Although “On Your Toes,” the 1936 tuner about a hoofer’s wacky entry into the world of classical dance, boasts one of the sillier plots in the Rodgers and Hart canon, Reprise! is on its toes in pegging the big scenes and production numbers to one potent central idea — the fun that can ensue when American sizzle meets European style. Helmer Dan Mojica’s focus on that theme, along with outstanding casting and execution, results in one of the most sparkling and satisfying musical entertainments of the year.
A fusion of showbiz and les beaux arts is built into the main character, Junior Dolan (Jeffry Denman), your typical vaudeville headliner-turned-stiff-necked musicology professor equally at home with a buck ‘n’ wing and a pirouette. (You know the type.) For some reason, his main goal in life is the staging of a student’s jazz-influenced narrative about a doomed nightclub romance, to which end he exploits a connection between another student (Beth Malone) and the visiting Russian Ballet. (Happens all the time.)
This improbable role was originally tailored to the peculiar talents of Ray Bolger, but treetop-tall, lithe and likable Denman occupies it completely and even renders it believable. Beyond his peerless, effortless show dancing, his goofy innocence is an ideal foil for Yvette Tucker’s temperamental, libidinous prima ballerina — is there any other kind? — yet he’s sincere and restrained in his personal dealings with Malone, hopelessly devoted to a fella who doesn’t know she exists.
A long-necked, tart-tongued gamine, Malone possesses something of Barbara Cook’s ability to revitalize a familiar song through the acting art, notably an unforgettably ingenuous “Glad to Be Unhappy” heretofore best known through a Mamas & Papas cover. She and Denman reinvent score’s one true standard, “There’s a Small Hotel,” as a complex three-act play of flirtation, emotional realization and aching desire that makes you wish you never had to see any more musicals without Malone and Denman in them.
These ingenues capably carry the show’s acting demands, with Stefanie Powers sparking in act two (after an oddly listless first act; maybe she downs a Red Bull during intermission) as the wisecracking troupe fund-raiser who gets her way with both repertoire and impresario (Dan Butler). Their merry, sexy duet of the often-interpolated “You Took Advantage of Me” sets colored lights going long before designer Brett Banakis actually cues them up. (Note to Reprise!, or somebody: The lady has a perfect “Mame” in her.)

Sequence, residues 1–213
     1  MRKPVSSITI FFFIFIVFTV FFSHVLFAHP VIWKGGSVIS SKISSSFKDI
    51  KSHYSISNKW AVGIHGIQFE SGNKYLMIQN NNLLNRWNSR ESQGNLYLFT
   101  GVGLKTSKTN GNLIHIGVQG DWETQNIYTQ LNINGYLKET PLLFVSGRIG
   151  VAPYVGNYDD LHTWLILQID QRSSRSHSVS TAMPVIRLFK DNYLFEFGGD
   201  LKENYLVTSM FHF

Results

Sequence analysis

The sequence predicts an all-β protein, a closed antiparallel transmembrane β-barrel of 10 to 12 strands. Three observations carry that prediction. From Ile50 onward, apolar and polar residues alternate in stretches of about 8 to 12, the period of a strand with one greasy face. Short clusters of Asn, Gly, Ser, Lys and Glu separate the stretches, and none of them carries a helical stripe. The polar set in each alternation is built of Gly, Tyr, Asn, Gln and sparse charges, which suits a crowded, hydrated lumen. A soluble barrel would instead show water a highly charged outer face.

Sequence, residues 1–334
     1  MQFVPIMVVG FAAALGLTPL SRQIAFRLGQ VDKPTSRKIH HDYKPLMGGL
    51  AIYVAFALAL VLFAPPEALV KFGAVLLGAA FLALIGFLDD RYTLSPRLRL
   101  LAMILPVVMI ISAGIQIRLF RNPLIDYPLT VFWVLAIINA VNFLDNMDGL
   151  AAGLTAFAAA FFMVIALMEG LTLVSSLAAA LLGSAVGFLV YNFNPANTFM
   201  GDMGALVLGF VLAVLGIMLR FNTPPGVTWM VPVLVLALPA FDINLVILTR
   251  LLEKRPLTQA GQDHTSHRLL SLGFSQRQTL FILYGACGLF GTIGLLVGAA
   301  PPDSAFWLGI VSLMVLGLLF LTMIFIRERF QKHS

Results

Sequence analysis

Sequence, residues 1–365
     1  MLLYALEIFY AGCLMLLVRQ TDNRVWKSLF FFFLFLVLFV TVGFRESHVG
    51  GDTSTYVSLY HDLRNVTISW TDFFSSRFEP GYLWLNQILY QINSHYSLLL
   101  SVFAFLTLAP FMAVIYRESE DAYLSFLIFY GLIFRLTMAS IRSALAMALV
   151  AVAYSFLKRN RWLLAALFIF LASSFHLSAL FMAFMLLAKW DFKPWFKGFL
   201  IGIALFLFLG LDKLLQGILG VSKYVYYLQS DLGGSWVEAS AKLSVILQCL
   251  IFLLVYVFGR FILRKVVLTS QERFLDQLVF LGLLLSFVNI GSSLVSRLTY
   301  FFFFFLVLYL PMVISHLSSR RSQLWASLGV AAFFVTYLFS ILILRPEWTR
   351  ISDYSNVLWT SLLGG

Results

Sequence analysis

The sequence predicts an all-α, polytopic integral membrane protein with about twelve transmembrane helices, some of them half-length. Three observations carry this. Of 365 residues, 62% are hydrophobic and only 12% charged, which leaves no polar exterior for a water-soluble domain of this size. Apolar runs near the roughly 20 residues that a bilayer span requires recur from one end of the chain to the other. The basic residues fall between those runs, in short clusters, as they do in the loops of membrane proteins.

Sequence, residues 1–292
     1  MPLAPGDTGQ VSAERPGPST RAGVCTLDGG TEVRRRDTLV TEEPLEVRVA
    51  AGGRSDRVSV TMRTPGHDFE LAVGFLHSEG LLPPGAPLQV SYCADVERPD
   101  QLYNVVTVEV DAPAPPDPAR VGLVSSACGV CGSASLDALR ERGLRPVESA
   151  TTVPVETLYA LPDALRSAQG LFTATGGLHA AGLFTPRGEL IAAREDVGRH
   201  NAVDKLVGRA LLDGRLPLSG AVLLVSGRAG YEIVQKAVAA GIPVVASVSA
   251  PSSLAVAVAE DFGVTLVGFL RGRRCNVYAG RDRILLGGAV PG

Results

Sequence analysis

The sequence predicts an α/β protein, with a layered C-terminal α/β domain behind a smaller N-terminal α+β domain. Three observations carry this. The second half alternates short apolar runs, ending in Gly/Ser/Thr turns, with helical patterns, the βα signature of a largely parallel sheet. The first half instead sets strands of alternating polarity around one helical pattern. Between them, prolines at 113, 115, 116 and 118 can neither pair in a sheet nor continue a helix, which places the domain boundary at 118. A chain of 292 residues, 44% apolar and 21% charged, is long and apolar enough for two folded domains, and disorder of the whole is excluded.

The Russian contingent’s shaky accents and swallowed punchlines are a likely byproduct of the time needed for Lee Martino’s choreography, but no regrets. Exceptional by any standard, show’s dance routines are positively mind-blowing given Reprise!’s two-week rehearsal period. They may lack some of the precision of an actual ongoing ballet troupe, but they’re second to none in inventiveness and commitment.
Martino and Mojica are of one mind in merging the modes that are the tuner’s subject. “Scheherezade” parody “Princesse Zenobia” is pleasingly faux-Balanchine as Tucker and partner (a too-preening but technically expert Jonathan Sharp) execute a blissful princess-and-pauper pas de deux until Junior stumbles in as an unlikely court slave, running riot with all the game desperation of Lucy Ricardo caught in one of Ricky’s nightclub acts.
“Slaughter on Tenth Avenue,” Rodgers’ rightly acclaimed dance composition, is given a properly smoky American treatment, with Denman, Tucker and lighting man Banakis outdoing themselves in generating le jazz hot. Yet even here, a touch of the Ballets Russes is provided by the three cops who momentarily overwhelm a Gotham nitery with Kazakh muscle. (Nothing like a string of backflips to enliven a jazz ballet.)
Still, concept’s apotheosis arrives in neither ballet but in the arrival of six of the visiting corps de ballet to Junior’s WPA-sponsored music class. Prompted by Malone’s infectious delivery of the title tune, a challenge dance begins and builds, the classical dancers reluctantly, then gleefully leaping and spinning as the Americans swing ‘n’ sway like Sammy Kaye. Styles clash then mesh in a crescendo of delight, and but for Martino’s neglecting to parallel the homegrown kids’ brief stab at ballet with a couple of Russians doing a soft-shoe, unimprovably bring show’s theme to life.
Frankly, in a time when alien cultures are at each other’s throats, both show and number offer a reassuring reminder that there’s at least one source of joy common to all humanity, that which comes whenever and wherever folks dance.